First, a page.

Chicks Hens

Happy Mother’s Day: Bitchin’ Chickens Edition

I’ve got tons to say about broody hens, and have in a number of posts I’ve written about my own flock. They can be challenging when they choose the worst times to experience motherhood or vexing when they don’t stay the course, but at the end of the day nothing is more heart-warming than seeing a hen trucking around the yard with her chicks in tow. Having babies is the highlight of the season for me. Since I’ve posted lots about my own hens I thought I’d share the stage with other chicken keepers for this special Mother’s Day post.

Ashlynn Worley

A month or so ago, I picked up a couple of rough looking hens from a guy when I went to buy a pigeon. He had far too many roosters and they were harassing his poor hens to the point that they were missing their tails and quite a few of their neck feathers.

A couple of weeks ago, my broiler chicks came in and, over the weekend, I started putting them outside in a small run during the day along with my bantam teenaged chicks.

Once the broilers started going outside, I noticed that one of these hens would spend the entire day next to the pen. She would just sit there next to the baby gate talking to them every single day.

Today, I went ahead and stuck the hen in with the little ones to see what she would do.  As it turns out, she just wanted them all as her own babies! (Though now I feel a tiny bit bad for her since she only gets five more weeks with them).

Ruth GateFarm

As we’ve transitioned from an active business to a small personal flock, we are trying to keep things as simple as possible. This includes going the low effort route of managing broody hens: let them raise babies.

This lady had been broody for a while. After deciding to let her have some chicks, we tried to block her less practical broody lair and give her some fake eggs to try out a better spot. Well, it turns out incubating is not her strong suit. The eggs were rarely under her. So we took care of that part for her and gave her some chicks. She is very pleased that all her hard work of occasionally sitting on plastic eggs has paid off! Despite her failures at incubating, she is being a great mother and the neighbours are intrigued.

Debra Hulten

I have been around chickens my whole 63 years of life and this is the first time I have seen hens sharing a nest. The black hen started setting and then her “sister” decided to join her. My concern was that some chicks would obviously hatch sooner than others and eggs might get swapped around.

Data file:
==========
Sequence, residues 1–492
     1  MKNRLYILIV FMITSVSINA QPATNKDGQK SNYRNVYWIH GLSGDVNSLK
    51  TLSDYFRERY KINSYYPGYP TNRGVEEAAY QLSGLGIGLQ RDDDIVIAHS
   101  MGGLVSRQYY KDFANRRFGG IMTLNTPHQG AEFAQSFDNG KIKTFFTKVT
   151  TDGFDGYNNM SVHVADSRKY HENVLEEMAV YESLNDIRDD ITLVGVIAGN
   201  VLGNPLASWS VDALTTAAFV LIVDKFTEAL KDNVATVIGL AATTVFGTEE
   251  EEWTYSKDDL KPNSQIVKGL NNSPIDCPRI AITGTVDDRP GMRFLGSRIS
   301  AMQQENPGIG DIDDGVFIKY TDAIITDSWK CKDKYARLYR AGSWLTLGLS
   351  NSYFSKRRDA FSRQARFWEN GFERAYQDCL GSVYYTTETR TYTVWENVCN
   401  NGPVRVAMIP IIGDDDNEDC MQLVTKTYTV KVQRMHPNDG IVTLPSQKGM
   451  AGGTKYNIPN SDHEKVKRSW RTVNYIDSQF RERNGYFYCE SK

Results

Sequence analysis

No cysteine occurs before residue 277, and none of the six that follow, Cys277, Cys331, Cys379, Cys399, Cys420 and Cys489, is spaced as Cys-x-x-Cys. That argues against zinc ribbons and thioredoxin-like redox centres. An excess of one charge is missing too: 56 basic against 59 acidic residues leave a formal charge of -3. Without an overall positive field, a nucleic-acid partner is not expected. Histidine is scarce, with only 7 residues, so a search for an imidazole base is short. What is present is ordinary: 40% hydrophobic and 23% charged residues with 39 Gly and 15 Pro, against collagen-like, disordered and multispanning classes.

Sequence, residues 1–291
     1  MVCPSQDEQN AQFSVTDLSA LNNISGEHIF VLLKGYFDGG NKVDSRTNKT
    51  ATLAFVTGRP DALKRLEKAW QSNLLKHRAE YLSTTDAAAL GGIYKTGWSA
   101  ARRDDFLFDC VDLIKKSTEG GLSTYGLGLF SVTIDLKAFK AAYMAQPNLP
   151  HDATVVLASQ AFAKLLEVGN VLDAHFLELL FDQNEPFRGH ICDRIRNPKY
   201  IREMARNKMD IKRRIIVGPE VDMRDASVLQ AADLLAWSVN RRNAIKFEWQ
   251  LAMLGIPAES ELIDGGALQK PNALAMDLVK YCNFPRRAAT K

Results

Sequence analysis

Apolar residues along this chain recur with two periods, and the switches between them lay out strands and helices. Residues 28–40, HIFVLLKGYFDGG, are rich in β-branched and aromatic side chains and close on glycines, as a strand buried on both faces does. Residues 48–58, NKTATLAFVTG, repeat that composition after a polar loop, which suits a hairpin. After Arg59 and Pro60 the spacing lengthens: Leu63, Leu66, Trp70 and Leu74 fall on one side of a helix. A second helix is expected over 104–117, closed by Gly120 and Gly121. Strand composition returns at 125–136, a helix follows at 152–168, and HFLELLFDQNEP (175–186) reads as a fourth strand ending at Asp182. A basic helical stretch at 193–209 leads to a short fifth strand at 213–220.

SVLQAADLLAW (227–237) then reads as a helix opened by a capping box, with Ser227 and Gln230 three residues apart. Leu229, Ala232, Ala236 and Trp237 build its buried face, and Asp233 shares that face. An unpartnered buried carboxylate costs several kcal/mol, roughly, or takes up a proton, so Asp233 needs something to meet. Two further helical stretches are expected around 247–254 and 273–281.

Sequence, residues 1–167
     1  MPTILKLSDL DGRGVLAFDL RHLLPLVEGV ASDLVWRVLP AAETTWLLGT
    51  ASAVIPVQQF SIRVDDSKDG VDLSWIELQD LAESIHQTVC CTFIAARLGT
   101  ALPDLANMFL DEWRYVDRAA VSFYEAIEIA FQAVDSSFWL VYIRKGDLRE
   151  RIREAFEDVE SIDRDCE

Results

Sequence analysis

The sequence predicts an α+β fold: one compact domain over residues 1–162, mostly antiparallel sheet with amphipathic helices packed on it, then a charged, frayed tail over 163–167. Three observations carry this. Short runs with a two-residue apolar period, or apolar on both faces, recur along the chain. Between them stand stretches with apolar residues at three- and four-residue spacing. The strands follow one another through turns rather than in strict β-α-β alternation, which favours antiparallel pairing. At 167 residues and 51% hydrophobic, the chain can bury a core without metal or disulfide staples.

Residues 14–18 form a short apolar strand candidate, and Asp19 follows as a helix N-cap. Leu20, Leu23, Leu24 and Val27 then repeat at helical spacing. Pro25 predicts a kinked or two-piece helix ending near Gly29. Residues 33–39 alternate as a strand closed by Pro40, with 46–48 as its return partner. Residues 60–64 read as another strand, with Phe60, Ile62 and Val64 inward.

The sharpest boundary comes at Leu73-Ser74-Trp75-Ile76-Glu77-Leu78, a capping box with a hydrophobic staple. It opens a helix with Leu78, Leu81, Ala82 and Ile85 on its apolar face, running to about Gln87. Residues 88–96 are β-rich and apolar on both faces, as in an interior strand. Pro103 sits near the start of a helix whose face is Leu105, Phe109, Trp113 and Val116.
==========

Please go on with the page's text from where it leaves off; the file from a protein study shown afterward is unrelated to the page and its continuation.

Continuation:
At exactly 21 days with no hatched chicks and a couple of smelly bad eggs the black hen abandoned the nest and left the red hen to finish. One chick was hatched and then she abandoned the rest of the eggs. I really didn’t want more chicks so this is a good thing. The flock is making a fuss of the lone chick.

Sheena Carlson

Our ol’ retired lady ZsaZsa, is very much enjoying this self-declared Grandma role. She didn’t hatch this group or the three Brahma batches immediately before either, but as soon as they come out of the incubator she wants nothing more than to be in that brooder loving on the little ones.

Once they’re off to their new homes, she happily takes a well deserved break and spends her time relaxing, cuddling under any fluffy blanket, basking in the sun and eating all the “not so baby friendly” goodies for a week or two until the next batch arrives. Then she wants to do it all over again!

She’s such a gem. As a lady of a certain age, she knows what she wants and I’m not inclined to argue with her.

Lauren Winters

I was not prepared for the babies to ride momma like a horse around the nursery box. It’s the best part of my day. I can’t tell if I need to get a life or if I have the best one.

Sam Labrie

Getting to witness her raise her baby chicks amazes me everyday, especially about how she teaches them new things. I went out to close the chicken door like I usually do every night. I usually see Big Mama and her chicks on the floor all snuggled up under her ready for bed, but when I went out tonight and didn’t see them, I panicked a little. Then I looked up where all the other hens roost and to my amazement Big Mama was up there with all her babies! It’s their first night with the other ladies tonight.

Staci Salyers-Miller

I got to witness THE most beautiful and heartwarming chicky momma moment last night.

My momma hen went broody and sat for three weeks on 12 eggs. She kicked out five eggs (I candled and most had blood lines), and the rest started to hatch. Unfortunately she lost four babies, which left her with only three. I could tell she was so sad. I called the local chick dealer and they had 2-day-old babies.

I went to indulge in my addiction, picked up 12 new babies and brought them home.

I have witnessed and heard sooo many horror stories about introducing new babies to a broody hen.

I wasn’t sure what she would do to them so I put a divider up between them. Once I started pulling the babies out, they began chirping loudly and my momma started to raise her voice. Before I knew it all 12 babies were at the divider. Then momma’s original three babies came out to the divider too. One by one, I put the new babies in with momma. She was loud and WANTED all the babies!

She took them all gently under her and began purring and has not stopped! I have never heard a chicken purr like this, but momma is happy with HER 15 babies

Thanks to everyone for sharing their stories and photos in celebration of Mother’s Day.

Featured photo: Bitchin’ Chickens

1 comment on “Happy Mother’s Day: Bitchin’ Chickens Edition

  1. mrscraib

    Loved it!

    Liked by 1 person

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Bitchin' Chickens

Everything You Need To Know About Small Flock Chickens & More

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